League issued his criticism on Cinemacon’s final day on Thursday, a day after Aron made the suggestion. Aron has been head of AMC for the less than three months, and League noted that he had formerly served as a hotel executive.
“First off, I’d like to say that I am very excited for Adam Aron to be taking the helm at AMC,” League said. “I am a fan of the Starwood Hotel and Resort brand and the customer experience that his former company consistently delivers. Bringing that leadership focus to our industry will undoubtedly yield positive results and drive healthy, innovative competition.”
“That said, I disagree with his statements on texting in a movie theater,” League added. “Innovation in this direction could seriously hurt our industry.”
League said that allowing texting would hurt relationships with directors and producers, saying that cinemas have “an unwritten obligation” to present their films in the best possible way: on a big screen with big sound and a bright picture in a silent, dark room.
“You can only be immersed in a story if you are focused on it,” he added. “If while watching a film you are intermittently checking your email, posting on social media, chatting with friends, etc., there is no way you are fully engaged in the story on screen. I find that to be disrespectful to the creators, those who make the very existence of cinema possible.”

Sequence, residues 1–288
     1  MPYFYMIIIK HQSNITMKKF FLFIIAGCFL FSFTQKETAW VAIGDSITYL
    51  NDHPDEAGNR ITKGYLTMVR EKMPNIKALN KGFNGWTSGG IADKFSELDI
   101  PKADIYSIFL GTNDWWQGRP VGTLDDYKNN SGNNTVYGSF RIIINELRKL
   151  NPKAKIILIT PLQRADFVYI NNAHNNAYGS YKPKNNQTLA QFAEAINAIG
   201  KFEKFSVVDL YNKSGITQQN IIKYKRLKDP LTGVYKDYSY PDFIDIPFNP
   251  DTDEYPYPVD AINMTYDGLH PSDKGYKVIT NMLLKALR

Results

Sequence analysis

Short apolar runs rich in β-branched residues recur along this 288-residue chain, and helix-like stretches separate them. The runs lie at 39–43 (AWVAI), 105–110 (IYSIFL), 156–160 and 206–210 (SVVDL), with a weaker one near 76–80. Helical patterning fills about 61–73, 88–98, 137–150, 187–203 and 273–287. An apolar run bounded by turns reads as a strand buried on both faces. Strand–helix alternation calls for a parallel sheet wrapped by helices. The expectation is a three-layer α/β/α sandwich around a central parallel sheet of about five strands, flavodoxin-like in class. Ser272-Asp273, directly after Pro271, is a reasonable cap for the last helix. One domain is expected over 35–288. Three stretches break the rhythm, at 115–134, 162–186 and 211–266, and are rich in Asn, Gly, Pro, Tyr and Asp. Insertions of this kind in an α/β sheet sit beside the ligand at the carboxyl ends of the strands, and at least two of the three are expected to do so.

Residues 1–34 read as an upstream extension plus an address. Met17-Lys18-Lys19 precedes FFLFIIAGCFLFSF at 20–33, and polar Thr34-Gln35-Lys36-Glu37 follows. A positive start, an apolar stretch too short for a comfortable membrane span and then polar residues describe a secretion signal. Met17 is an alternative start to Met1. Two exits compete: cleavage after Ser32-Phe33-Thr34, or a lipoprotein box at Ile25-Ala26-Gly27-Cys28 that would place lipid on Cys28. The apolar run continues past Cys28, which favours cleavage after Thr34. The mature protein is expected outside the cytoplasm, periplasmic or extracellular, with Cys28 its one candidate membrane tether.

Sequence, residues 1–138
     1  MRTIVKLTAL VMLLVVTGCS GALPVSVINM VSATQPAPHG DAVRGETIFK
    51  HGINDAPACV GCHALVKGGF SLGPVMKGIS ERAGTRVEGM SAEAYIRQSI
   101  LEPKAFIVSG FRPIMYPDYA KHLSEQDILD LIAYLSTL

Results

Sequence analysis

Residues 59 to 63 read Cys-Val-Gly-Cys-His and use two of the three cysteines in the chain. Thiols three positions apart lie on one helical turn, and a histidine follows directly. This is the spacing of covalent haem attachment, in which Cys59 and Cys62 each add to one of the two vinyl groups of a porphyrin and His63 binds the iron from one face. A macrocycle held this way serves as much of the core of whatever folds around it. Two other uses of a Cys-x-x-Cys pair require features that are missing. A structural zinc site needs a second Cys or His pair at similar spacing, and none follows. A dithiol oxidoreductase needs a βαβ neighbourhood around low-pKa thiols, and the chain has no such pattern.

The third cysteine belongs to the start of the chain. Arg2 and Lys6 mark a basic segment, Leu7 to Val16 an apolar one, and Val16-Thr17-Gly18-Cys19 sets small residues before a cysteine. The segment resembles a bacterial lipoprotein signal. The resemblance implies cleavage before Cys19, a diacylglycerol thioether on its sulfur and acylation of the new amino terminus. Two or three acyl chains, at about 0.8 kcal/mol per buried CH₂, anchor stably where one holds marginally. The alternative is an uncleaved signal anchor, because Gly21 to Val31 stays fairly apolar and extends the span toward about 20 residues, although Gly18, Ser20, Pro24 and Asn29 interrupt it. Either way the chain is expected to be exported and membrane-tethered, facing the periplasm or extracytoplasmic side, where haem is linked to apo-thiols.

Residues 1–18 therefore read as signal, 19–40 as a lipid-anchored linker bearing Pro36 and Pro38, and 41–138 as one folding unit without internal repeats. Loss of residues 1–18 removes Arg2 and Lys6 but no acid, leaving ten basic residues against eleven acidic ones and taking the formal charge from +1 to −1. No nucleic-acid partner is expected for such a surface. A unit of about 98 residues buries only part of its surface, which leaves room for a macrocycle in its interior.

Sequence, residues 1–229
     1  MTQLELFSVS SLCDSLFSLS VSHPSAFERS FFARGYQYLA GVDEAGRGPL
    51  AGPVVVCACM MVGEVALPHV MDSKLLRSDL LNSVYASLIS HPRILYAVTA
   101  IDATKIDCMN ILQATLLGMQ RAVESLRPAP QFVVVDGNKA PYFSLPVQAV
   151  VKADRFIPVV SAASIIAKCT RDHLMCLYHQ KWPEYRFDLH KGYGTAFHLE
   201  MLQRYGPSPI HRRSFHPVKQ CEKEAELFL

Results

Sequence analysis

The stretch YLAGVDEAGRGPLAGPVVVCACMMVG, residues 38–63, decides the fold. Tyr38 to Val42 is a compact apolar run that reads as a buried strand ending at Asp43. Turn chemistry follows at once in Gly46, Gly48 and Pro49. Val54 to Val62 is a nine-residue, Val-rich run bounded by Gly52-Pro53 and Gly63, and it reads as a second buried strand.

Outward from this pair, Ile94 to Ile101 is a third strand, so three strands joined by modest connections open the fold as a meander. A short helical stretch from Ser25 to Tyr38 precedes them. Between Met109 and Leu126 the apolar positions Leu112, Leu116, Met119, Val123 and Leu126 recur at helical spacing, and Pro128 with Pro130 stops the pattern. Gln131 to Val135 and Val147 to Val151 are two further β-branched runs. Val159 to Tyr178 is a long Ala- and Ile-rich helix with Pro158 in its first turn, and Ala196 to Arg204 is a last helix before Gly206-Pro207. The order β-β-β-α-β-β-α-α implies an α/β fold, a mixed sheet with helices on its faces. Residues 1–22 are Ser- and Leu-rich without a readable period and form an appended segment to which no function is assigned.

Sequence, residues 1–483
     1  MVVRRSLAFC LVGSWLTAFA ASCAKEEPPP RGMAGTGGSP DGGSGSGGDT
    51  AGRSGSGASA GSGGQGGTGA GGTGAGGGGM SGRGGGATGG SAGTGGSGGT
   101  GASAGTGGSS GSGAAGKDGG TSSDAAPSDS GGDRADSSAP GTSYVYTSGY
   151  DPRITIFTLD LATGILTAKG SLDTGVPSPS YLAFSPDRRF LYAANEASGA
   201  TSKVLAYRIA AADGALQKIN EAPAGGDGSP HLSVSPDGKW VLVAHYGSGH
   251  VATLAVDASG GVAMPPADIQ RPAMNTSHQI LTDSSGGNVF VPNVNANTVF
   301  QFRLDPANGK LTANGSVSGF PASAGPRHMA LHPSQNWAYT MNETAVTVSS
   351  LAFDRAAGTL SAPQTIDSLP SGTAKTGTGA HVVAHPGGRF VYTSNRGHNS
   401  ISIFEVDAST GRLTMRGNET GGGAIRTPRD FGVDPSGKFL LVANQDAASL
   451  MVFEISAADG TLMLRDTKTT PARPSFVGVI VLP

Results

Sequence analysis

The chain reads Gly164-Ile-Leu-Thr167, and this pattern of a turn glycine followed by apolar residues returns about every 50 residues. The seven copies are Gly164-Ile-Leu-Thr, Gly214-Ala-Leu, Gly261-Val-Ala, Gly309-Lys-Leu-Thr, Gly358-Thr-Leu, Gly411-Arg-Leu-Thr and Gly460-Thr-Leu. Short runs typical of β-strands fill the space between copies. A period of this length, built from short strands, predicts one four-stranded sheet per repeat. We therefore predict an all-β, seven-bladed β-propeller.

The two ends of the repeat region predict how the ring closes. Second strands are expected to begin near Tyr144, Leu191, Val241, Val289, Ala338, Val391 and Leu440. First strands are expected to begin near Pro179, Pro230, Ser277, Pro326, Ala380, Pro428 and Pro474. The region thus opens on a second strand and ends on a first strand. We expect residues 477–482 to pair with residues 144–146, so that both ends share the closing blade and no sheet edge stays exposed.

League also blasted Aron for generalizing about millennials, pointing to Aron’s comment: “When you tell a 22-year-old to turn off the phone, don’t ruin the movie, they hear please cut off your left arm above the elbow. You can’t tell a 22-year-old to turn off their cellphone. That’s not how they live their life.”
“Twenty-two-year-olds aren’t alone; heavy cell phone use is far more widespread,” League said. “Today, 68% of U.S. adults have a smartphone, a staggering increase from 35% just five years ago. I spend a great deal of my life on my phone, too. I check news, social media and email obsessively. “
League said that doing so isn’t just a millennial behavior, but rather a global attention span epidemic.
“Regardless of your age, turning off your phone and focusing on a good movie is much-needed therapy. This time of focus in a darkened room is core to the experience of cinema,” he said. “Only with this focus can you lose yourself completely in the story and really fall into the magic spell of the movies.”
League said he would not object to “second screen” experimentation with regards to alternative content, gaming and interactive screenings.
“But when it comes to our core business, creating a special environment for our customers to experience new stories for the first time, there is absolutely no place for the distraction of a lit phone screen,” he added.
League said his Alamo Drafthouse chain is actively engaged in trying to make sure cinema remains a compelling destination for young people, and he agreed with Aron that this should be a focus for the whole industry.
“I just don’t believe that this line of experimentation is the right tactic,” League concluded. “A firm policy against talking and texting in the cinema is about respect: for the filmmakers and fellow cinephiles of all ages. Outside of this issue, however, I look forward to being challenged and inspired by what innovations and enhancements Adam Aron brings to the cinema experience.”